Bernice Mulenga approaches their photographic practice with a similar emphasis on storytelling from within. In the photographs shown here, Mulenga portrays friends Abby and OJ in a setting of reflective domesticity; as the frame shifts from the windowsill to the garden patio, the artist’s easy movement within and around the shared space is made palpable. Mulenga remarks that ‘I see my work as an extension of my own story, even though I’m shooting people who are not me’; in their work, as in Mlangeni’s, participation in the relationships and spaces they capture is vital (Sensing the Image, Photographers in Conversation at Cubitt Gallery London, July 2021). Matthew Arthur Williams gracefully articulates this understanding of the photograph as a tacit expression of the photographer’s own embodiment, stating that ‘landscape pictures have everything to do with the body, because it’s the body who’s taking the image’ (in conversation with Louise Long, British Journal of Photography, January 2023). Soon Come, Williams’ 2022 film and sound installation, intersperses digitised landscape imagery with analogue footage of abstracted bodies and archival material to construct a fragmentary portrait of the artist’s sense of belonging, stretching between Clarendon in Jamaica and Stoke-on-Trent in the UK.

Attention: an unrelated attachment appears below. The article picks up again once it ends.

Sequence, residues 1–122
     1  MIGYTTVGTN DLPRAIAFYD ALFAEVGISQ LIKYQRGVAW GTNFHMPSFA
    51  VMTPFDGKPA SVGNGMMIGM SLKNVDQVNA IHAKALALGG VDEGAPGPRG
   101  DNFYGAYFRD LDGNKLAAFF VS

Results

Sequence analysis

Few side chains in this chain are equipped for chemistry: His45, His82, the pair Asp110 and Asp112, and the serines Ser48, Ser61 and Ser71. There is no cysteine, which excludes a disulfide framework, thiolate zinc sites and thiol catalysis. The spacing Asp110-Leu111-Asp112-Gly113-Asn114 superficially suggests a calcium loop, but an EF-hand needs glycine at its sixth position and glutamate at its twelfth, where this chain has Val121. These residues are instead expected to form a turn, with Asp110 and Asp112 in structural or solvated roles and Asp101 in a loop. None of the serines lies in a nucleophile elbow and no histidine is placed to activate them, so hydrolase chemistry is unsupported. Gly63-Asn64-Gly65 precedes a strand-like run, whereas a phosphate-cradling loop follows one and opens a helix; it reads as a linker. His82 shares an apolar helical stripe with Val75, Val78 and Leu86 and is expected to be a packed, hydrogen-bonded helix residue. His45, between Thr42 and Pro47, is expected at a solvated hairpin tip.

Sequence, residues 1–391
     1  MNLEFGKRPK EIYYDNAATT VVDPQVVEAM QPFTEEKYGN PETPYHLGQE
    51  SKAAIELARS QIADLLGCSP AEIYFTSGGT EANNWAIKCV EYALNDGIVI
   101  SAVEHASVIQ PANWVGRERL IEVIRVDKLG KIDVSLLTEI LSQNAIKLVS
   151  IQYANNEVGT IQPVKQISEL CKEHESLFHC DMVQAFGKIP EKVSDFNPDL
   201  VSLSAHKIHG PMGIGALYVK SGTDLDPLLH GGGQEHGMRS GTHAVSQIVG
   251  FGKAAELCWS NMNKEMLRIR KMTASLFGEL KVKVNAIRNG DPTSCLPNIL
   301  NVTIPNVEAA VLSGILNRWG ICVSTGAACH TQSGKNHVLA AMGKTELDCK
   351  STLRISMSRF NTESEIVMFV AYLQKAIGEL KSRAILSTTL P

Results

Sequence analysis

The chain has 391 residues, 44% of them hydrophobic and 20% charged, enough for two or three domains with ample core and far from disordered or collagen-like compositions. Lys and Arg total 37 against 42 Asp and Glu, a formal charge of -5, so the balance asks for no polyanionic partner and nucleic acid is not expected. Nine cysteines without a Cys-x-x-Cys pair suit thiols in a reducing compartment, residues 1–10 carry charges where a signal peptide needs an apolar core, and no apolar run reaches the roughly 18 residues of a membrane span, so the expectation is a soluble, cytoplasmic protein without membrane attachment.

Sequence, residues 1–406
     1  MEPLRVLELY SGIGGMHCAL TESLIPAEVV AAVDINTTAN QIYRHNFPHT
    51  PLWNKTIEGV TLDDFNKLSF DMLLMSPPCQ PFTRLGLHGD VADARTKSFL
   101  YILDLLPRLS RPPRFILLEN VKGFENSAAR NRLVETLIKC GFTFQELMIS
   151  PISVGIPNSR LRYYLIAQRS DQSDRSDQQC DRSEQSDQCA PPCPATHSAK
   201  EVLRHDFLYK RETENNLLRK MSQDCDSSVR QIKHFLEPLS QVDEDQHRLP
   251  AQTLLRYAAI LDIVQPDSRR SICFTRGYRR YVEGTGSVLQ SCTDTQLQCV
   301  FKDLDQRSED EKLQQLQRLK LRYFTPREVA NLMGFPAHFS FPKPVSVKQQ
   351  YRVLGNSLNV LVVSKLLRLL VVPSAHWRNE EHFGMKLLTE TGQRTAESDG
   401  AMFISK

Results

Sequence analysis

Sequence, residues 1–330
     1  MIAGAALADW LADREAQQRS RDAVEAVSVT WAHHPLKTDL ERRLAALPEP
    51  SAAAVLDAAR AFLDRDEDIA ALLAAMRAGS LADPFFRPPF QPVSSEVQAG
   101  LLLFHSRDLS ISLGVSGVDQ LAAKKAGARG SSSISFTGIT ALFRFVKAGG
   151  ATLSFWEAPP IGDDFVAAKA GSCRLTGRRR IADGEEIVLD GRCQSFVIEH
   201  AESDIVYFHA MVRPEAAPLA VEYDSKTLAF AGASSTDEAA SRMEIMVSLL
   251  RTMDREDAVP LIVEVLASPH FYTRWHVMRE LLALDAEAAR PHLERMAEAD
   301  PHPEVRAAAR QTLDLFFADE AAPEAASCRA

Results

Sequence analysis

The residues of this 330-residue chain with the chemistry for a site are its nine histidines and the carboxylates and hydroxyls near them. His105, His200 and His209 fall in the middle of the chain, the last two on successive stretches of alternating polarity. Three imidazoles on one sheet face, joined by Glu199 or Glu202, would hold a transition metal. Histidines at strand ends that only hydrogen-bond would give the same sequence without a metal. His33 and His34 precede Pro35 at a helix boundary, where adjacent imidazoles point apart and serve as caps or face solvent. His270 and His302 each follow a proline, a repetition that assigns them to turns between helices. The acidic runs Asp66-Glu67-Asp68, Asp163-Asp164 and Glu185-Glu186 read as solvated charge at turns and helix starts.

This merging of body and landscape is a significant trope in Alberta Whittle’s practice. In her film The Axe Forgets, But The Tree Remembers (2022), images of water and bodies in motion are woven together with material sourced from the Hackney Archives, alongside footage from interviews held with family members and Hackney’s Windrush residents. As she reaches into historical archives, Whittle renders them alive and generative, refusing their status as calcified depositories of historical narratives. This reanimation is something artist and activist Tourmaline has approached repeatedly throughout her practice, often mobilising a dream-like iteration of her own image to inhabit figures and places discounted by the historical record. Tourmaline refuses to frame Black transsexual identity through the narrow frame of counter-identification or conflict with normativity, instead using strategies associated with Saidiya Hartman’s notion of ‘critical fabulation’ as a way of re-engaging with history and representation on her own terms.